Creativity can also mean messy. And some of the best creative activities are a mess (i.e. paint, glue, baking/cooking, etc.). But I also try to suggest tools or toys that don’t necessarily make huge messes or require drop cloths. Some examples include:
–My First Sticky Mosaics
–Paint with Water Pads
What are some of your favorite toys to encourage gross motor play? Fine motor play?
*Note: creating sensory bins is a great way to develop motor skills, and we have all sorts of good things that can go in them but to list them individually would be pages long. Check out this site for ideas!
What are some great tools/resources for helping parents organize their kids’ toys?
Have realistic goals. For toy storage think about what can actually be achieved and maintained. There are amazing ideas and pictures online and in catalogs, but real life may not have toy bins that are labeled and sorted by color and size, etc. My son is 16 months old–if I can just get everything thrown into a couple of baskets, it’s a good day. If you can have everything stored and sorted like on Pinterest (and maintain it that way), MAJOR KUDOS, seriously. Also be realistic about your child’s play space. In my case, my son’s main play area is our family room/ kitchen. So gone are the days where my family room actually looked like adults lived in and decorated it. We’ve had to remove items, and just accept that a sea of primary colors and plastic is our reality. So at the end of the day if we have put the toys into some baskets and the trucks parked by the fireplace, that is what a “clean” family room is for us. If you have an area with doors so you can close it off, that is amazing!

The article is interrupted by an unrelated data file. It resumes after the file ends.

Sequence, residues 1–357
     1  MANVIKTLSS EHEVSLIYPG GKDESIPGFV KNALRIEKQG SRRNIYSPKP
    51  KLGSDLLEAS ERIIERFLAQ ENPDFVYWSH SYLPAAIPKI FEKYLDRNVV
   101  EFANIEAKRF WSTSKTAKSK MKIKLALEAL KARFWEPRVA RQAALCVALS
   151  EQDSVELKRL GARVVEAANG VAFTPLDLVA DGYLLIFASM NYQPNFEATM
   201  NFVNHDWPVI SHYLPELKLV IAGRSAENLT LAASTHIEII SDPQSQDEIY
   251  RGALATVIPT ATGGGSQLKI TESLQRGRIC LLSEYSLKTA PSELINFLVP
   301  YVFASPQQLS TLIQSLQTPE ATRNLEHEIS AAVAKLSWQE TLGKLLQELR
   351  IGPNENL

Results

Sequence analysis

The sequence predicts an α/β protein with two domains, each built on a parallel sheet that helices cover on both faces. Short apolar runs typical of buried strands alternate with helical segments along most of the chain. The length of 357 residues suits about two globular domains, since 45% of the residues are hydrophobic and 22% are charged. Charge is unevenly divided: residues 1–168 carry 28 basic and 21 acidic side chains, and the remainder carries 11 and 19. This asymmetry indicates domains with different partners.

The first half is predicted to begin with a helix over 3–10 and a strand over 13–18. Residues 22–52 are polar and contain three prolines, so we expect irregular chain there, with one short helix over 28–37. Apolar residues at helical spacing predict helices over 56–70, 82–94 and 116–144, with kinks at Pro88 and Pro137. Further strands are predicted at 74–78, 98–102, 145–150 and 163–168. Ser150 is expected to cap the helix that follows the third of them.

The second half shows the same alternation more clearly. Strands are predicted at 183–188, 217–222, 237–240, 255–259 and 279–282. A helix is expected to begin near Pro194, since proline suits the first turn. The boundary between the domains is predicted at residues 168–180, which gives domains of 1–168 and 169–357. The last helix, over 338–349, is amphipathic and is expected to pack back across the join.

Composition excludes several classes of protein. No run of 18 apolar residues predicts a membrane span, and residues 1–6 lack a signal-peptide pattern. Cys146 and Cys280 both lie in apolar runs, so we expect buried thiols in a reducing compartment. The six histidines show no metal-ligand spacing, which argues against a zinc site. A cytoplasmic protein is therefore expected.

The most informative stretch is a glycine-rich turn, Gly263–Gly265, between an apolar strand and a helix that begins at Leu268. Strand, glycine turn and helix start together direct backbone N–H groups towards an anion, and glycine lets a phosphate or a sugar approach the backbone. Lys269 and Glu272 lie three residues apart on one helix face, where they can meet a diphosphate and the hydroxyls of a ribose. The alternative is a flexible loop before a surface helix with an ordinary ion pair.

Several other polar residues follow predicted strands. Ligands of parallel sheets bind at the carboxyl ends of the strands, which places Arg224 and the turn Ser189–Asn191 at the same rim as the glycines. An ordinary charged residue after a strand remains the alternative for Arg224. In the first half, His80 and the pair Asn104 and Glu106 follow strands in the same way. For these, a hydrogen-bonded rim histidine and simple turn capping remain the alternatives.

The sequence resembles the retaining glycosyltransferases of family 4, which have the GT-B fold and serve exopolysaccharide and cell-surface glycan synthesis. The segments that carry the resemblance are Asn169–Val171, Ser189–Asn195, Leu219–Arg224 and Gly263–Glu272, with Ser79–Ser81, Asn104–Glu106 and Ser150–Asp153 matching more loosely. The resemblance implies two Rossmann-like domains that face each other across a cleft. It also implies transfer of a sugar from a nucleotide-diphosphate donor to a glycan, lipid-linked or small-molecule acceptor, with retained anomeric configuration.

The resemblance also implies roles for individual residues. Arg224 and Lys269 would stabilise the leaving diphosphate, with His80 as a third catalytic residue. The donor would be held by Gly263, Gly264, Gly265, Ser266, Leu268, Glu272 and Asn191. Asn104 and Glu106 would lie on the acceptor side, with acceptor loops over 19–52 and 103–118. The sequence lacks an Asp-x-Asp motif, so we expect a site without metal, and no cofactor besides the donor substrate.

Edit yourself. Most toys have dual purposes, so you can get more life out of them. Having a new baby and working at a store like Doodlehopper, I totally got carried away buying everything under the sun for him and before he was even 6 months we were completely overrun. It’s so easy to get excited, but a lot of your toys (especially those for little ones) can be used for several things. For example, basic ABC blocks can help with grasping, passing hand to hand, stacking, color recognition, numbers/counting and alphabet recognition. As time goes on, go through what you have pulled out and made accessible. Children tend to “move on” from a toy, or developmentally lose interest. I do this every month or so and save a lot of space that way.
How to enter the giveaway:
Write a desciption of your child’s favorite toy in the comments at the end of this post. It’s that easy! We’ll choose a winner using a random number generator after 8 p.m. EST this Thursday, April 7, and will announce the winner in Friday’s blog post.
What you get:
One of TWO $50 gift cards to spend as you please on Doodlehopper’s website (or, if you’re a NoVa local, in-store). Generous baby shower gift? Just because treat? Bribery in anticipation of a doctor visit? Happy shopping! And please share this opportunity widely with friends!